My favorite blues guitar players
Blues is my favorite music style and one of the most influential guitar and vocal genres. Additionally, it is complex and full of emotion. Adding these features up, it is easy to understand why the best blues guitarists held such an important role and why they influenced so profoundly our music today.
It all started at the end of the 19th century when the African-American communities of Southern US began playing and singing blues for the first time, which led to a domino effect that culminated with what we know today as blues.
And it is for this reason that I want to introduce you to the best blues guitarists, who shaped the music we consume today. It is by no means an objective or complete list, and it mostly consists of the artists I listen to on a daily basis.
Muddy Waters is the first music magician I want you to discover. His passion for the blues is incomparable, and the emotion he transmits through his sound captivates me each time. I can’t help but feel like I am teleported to a land of smoke and sadness each time I put on any of his records.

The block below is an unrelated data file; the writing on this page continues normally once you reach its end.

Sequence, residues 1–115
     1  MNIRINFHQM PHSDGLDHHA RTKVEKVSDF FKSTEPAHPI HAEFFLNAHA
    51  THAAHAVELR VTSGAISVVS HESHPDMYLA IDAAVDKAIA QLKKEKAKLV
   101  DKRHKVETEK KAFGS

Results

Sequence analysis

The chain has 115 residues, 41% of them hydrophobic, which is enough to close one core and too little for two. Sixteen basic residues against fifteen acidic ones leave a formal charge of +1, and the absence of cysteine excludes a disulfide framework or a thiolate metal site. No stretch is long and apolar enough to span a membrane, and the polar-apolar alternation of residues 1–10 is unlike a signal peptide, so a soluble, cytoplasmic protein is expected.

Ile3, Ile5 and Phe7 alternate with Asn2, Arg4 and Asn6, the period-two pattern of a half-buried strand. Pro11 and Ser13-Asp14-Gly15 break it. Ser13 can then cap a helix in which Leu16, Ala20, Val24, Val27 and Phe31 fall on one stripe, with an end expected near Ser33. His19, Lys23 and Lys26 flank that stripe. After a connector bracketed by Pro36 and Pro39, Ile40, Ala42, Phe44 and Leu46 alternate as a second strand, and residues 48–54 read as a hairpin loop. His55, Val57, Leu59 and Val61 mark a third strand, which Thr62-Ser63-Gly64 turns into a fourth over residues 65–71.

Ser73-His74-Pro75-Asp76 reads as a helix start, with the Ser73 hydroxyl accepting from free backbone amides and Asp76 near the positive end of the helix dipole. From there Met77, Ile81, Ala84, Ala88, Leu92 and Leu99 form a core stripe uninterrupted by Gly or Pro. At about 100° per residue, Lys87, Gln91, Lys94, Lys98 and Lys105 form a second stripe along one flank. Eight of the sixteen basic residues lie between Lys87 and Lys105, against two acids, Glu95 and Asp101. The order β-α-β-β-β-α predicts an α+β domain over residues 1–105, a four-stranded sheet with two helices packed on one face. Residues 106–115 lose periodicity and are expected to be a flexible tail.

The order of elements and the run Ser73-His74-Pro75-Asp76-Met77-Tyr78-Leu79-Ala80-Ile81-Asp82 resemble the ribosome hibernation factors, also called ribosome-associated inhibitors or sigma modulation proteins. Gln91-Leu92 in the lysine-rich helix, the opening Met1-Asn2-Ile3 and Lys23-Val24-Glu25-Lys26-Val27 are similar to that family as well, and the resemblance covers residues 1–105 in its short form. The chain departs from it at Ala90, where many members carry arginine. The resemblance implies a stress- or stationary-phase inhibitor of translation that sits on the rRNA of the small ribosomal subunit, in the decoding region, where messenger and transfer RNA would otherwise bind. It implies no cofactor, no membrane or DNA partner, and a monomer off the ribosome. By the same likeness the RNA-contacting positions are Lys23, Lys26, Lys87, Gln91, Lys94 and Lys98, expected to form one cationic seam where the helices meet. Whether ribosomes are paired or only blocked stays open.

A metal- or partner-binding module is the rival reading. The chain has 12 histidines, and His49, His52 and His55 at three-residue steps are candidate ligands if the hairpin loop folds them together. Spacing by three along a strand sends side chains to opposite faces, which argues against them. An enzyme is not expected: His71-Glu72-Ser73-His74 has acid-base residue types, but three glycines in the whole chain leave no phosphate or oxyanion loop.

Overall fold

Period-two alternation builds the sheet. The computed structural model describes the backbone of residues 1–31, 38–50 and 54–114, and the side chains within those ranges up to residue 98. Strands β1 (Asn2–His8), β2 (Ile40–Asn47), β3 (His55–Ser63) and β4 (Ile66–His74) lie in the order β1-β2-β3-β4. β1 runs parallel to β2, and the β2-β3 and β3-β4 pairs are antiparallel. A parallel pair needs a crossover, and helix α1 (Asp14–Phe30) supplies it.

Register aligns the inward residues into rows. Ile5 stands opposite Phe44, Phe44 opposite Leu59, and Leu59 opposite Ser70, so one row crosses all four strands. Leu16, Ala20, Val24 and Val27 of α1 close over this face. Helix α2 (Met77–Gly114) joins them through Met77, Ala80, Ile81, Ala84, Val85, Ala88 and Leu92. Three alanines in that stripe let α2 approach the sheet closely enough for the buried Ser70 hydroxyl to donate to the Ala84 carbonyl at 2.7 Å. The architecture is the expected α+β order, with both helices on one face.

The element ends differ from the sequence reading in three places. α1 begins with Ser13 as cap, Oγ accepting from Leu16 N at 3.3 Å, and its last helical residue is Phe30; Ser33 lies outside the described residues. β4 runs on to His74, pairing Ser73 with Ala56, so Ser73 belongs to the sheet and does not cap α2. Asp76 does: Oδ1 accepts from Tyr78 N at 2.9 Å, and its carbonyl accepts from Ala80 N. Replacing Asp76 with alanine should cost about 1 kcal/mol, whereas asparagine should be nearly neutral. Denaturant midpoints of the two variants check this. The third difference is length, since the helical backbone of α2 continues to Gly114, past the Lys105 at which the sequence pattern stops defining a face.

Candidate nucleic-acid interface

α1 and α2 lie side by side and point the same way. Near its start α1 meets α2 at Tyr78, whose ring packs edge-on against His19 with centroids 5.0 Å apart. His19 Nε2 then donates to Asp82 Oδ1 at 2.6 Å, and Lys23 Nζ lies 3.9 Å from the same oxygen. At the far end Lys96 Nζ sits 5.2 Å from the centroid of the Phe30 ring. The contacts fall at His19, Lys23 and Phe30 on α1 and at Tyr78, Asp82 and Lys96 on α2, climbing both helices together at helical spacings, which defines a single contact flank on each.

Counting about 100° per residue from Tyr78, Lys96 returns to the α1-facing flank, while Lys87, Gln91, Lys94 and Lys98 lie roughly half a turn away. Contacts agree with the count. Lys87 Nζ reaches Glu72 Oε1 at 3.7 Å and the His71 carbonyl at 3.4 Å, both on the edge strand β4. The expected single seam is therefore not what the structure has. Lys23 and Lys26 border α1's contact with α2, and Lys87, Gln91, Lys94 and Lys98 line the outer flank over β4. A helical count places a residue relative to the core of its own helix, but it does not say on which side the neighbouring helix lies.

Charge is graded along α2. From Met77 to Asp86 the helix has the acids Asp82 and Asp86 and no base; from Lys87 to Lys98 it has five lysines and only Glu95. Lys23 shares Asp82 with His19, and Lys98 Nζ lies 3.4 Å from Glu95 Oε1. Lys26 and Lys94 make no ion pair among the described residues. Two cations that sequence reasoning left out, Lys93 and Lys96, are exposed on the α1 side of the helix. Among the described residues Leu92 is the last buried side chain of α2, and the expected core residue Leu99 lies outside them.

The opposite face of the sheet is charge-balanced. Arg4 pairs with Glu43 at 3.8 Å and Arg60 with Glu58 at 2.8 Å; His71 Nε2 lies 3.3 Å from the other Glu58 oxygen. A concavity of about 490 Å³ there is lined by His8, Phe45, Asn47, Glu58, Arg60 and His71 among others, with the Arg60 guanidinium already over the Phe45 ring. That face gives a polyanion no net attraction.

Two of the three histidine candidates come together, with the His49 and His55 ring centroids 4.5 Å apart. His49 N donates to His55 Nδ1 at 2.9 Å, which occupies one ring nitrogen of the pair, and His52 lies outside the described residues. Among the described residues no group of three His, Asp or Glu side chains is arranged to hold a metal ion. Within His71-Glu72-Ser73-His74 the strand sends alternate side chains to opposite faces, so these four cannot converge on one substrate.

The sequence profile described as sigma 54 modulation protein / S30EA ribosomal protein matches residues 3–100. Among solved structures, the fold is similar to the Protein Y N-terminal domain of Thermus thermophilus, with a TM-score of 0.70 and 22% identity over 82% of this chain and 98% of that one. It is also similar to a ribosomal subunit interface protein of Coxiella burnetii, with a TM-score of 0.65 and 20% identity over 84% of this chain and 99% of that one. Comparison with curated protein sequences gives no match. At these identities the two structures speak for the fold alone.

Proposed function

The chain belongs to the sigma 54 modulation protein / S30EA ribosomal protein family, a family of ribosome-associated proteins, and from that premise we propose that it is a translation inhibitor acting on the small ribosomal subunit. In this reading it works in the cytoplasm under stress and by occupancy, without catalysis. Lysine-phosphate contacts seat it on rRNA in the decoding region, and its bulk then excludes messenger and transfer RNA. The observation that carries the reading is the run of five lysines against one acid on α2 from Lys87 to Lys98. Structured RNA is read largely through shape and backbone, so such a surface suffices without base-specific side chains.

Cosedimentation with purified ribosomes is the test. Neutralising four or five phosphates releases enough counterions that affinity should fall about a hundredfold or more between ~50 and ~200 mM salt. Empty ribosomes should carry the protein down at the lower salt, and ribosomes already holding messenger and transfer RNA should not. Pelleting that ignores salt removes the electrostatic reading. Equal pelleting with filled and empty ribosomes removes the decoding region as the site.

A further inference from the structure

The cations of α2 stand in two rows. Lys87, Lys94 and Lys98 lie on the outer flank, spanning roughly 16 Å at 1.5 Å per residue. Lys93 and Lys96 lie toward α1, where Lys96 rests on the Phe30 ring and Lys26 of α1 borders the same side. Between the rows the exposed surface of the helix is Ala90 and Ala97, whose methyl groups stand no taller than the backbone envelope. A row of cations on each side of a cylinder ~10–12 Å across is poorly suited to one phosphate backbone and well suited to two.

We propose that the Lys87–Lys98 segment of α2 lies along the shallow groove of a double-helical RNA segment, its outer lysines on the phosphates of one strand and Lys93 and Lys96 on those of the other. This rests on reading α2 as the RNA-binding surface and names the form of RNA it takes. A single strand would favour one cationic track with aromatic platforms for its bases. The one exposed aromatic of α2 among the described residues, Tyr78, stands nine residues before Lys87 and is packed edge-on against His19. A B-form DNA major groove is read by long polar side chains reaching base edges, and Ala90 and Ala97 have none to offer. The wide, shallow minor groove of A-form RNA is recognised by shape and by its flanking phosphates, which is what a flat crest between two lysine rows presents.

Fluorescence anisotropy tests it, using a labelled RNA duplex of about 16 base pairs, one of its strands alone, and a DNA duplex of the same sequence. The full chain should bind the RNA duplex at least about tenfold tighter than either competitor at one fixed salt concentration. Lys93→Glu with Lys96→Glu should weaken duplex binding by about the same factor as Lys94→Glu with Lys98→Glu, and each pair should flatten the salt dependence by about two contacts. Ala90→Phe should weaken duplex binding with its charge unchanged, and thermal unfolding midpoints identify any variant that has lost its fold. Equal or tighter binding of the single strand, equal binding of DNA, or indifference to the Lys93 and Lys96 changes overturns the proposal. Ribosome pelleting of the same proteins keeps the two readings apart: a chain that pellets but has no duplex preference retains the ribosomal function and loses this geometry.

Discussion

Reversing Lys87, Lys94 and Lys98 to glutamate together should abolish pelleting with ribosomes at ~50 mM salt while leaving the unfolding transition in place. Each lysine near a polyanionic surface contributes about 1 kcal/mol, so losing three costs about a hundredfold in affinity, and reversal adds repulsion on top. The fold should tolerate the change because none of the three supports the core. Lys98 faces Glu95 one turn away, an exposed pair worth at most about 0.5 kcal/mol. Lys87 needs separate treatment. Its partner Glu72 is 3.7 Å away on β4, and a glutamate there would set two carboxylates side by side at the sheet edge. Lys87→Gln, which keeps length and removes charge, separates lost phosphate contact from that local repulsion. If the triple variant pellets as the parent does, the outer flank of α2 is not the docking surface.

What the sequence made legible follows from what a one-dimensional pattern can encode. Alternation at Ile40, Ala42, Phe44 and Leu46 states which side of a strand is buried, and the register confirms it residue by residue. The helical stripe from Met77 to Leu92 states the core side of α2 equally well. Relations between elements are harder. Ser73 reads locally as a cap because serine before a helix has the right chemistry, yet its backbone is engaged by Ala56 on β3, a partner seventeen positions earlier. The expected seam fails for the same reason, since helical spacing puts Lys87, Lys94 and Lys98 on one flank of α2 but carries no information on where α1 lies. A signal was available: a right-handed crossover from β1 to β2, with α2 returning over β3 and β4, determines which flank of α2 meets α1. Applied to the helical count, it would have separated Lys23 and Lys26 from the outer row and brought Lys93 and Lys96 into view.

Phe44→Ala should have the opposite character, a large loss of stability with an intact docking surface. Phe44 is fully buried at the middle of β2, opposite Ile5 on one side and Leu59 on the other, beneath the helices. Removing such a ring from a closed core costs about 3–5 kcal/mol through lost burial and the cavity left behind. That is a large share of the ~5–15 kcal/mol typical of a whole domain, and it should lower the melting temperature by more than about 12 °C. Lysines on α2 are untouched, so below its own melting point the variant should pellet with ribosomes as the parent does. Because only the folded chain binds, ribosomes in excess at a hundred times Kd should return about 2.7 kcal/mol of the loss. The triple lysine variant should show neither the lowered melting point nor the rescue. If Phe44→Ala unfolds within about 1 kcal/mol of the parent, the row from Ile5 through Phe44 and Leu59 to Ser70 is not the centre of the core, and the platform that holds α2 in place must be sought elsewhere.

He was an American blues musician, and one of the most successful artists of this genre, and he was considered “the Father of Chicago blues”. Muddy moved to England in 1958 where he shocked audiences with his loud, exciting, amplified electric guitar sound. His beats were alert and unique, and this instantly led him to become an inspiration and a muse for the British blues explosion.
The next name on my list shouldn’t come as a surprise, especially if you know a thing or two about music in general. B.B. King was a God of sound. He was also American, and he was cherished for his songwriting abilities until his death in 2015. He reached fame with the help of his loyal electric guitar, which is why Rolling Stone magazine listed him at number three in the top of the best guitar players of all time.
What set him apart from other musicians was his sophisticated style, his clarity, and elegance. He performed solos, based on fluid string bending with a touch of vibrato. Many have tried to imitate him, but very few have succeeded even if at a smaller scale than the original, which makes sense.
The last great guitarist I want you to discover is Jimi Hendrix. While he isn’t exactly a blues musician and fits more into the rock genre, he was greatly inspired by electric blues and the unique sound of a warm and dirty overdriven guitar. He is considered by many one the greatest electric guitarists of all time.
Although his career started on the rhythm and blues music scene, his style shifted more towards rock, but his blues tunes are absolutely unforgettable.
I suggest you look at all of these grand artists on any music provider like iTunes or Youtube because it would be a shame to miss the opportunity to find your next favorite musician.